In 1954, SS-Oberscharführer Theodor Bongartz, the man in charge of the crematorium at Dachau, was determined to have been the murderer of Georg Elser, during a German court proceeding in which SS-Unterscharführer Edgar Stiller was on trial as an accessory to murder. As the SS man in charge of the special prisoners at Dachau from 1943 to 1945, Stiller was accused of escorting Elser to the crematorium where he was allegedly shot by Bongartz. Theodor Bongartz was not brought to account as he had died of an illness in 1945. Elser has been the subject of rumours and various conspiracy theories since the Bürgerbräukeller bombing. After the war, Protestant pastor and theologian Martin Niemöller, also in custody in the ‘bunker’ at Sachsenhausen, gave credence to the rumour that Elser had been a member of the SS and that the whole assassination attempt had been staged by the Nazis to portray Hitler as being protected by Providence. Many others, like quarry owner Georg Vollmer, building on his dead wife’s contribution, weighed in with their version of the truth. In 1948, Allen Welsh Dulles, the future Director of Central Intelligence (de facto head of the U.S. Central Intelligence Agency) summed up a range of conspiracy theories when he wrote:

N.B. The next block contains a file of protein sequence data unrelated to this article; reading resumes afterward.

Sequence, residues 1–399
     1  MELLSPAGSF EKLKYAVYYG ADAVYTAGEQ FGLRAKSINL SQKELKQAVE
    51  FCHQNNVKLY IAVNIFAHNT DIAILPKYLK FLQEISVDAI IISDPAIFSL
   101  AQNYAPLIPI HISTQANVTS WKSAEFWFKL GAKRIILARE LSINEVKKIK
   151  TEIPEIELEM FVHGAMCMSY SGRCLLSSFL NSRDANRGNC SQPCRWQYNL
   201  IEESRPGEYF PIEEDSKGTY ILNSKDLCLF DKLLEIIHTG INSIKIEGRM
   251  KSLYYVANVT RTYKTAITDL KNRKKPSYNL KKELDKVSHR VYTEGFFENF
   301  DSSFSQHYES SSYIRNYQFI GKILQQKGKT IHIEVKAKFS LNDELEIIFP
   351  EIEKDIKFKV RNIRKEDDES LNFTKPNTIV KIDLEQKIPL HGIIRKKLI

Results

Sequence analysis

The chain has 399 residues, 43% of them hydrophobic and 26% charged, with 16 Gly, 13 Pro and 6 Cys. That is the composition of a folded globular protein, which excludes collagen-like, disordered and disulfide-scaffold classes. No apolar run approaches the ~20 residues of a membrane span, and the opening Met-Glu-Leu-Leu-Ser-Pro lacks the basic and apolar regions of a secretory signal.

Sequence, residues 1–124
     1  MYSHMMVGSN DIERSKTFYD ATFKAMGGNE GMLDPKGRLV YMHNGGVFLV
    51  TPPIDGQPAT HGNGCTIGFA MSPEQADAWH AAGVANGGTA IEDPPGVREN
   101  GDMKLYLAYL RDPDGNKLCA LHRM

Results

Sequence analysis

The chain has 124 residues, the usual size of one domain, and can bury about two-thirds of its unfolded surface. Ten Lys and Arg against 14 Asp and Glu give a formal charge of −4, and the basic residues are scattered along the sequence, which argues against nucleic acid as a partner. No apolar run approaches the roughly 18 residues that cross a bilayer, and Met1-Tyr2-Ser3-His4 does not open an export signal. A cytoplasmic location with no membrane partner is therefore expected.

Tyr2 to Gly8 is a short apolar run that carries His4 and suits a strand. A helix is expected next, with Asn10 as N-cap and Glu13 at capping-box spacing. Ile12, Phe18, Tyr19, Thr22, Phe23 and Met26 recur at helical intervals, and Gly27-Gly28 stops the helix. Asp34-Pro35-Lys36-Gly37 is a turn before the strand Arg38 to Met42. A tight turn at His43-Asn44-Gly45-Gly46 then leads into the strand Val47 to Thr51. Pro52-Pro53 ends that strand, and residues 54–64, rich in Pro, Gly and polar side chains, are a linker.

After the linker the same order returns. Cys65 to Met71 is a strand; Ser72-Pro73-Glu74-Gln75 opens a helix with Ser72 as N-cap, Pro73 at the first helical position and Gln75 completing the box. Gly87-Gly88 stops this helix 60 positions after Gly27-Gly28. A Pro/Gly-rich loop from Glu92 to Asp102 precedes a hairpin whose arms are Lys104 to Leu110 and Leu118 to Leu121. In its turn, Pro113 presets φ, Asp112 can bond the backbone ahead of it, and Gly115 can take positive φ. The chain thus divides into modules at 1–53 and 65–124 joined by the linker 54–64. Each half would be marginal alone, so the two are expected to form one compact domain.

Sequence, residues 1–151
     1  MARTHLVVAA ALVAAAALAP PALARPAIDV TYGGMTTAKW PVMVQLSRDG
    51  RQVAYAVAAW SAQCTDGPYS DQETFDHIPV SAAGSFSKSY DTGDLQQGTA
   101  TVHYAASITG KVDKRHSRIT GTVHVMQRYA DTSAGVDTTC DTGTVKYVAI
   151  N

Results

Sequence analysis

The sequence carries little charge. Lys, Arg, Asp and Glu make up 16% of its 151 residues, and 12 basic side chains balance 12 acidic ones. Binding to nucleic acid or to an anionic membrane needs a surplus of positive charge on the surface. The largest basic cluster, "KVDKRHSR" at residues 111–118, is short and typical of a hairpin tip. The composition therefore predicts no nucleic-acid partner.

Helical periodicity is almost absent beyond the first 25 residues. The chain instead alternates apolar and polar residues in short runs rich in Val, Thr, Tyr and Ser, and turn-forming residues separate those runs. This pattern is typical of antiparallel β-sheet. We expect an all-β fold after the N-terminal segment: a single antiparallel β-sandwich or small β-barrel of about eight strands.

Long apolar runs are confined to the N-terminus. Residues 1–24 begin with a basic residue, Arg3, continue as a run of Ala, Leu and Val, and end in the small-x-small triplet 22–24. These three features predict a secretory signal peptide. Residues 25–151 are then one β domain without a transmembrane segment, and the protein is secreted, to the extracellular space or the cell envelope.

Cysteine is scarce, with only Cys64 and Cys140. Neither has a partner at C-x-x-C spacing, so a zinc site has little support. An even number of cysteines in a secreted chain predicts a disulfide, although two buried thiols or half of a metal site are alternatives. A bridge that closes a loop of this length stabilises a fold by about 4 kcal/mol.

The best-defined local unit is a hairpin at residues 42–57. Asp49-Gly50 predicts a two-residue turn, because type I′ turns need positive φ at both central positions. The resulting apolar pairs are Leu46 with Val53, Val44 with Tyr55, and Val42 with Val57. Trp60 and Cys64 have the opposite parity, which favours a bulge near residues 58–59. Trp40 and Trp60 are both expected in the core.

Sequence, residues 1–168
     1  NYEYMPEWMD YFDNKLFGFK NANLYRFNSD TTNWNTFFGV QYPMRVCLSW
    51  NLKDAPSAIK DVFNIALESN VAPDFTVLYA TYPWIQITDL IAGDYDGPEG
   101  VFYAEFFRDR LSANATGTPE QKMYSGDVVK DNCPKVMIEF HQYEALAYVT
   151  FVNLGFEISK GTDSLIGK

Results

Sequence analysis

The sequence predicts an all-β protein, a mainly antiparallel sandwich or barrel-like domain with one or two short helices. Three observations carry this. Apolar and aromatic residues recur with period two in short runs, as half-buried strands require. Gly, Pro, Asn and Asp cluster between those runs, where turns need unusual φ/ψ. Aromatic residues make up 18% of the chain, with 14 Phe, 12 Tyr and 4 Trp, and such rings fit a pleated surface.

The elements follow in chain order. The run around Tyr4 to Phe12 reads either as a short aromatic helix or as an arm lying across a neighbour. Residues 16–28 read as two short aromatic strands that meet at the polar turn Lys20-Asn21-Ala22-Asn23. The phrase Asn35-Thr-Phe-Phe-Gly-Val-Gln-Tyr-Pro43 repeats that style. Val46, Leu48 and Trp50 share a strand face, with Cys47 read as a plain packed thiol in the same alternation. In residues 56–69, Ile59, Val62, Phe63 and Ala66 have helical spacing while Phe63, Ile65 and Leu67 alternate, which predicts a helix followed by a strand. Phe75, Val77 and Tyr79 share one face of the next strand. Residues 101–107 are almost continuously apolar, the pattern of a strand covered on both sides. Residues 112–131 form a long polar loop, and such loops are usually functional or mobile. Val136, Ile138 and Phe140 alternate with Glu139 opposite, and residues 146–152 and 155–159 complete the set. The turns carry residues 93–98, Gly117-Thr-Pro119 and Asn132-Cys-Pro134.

On 8 November a bomb exploded in Bürgerbräukeller in Munich shortly after Hitler had given his annual speech on the anniversary of the beer hall putsch of 1923 and after he had left the building. This event still remains unresolved.


Some evidence suggests that the infernal machine was exploded with the knowledge of Hitler and Himmler in order to consolidate the German sense of community, or, as in the case of the Reichstag fire, to give rise to a new wave of terror. I heard there were photographs showing a high-ranking SS officer standing next to Hitler with a watch in hand, to take care that the leaders escaped in time. Others claim the attack was the work of communists acting independently and without the knowledge of other anti-Nazi groups. A new report presents the plot as the attempted assassination of an illegal socialist group.

In 1969, historical research by Anton Hoch based on The Gestapo Protokoll (interrogation report) dated 19–23 November 1939, found that Elser had acted alone and there was no evidence to involve the Nazi regime or any outside group in the assassination attempt.

Thursday 28th July 2016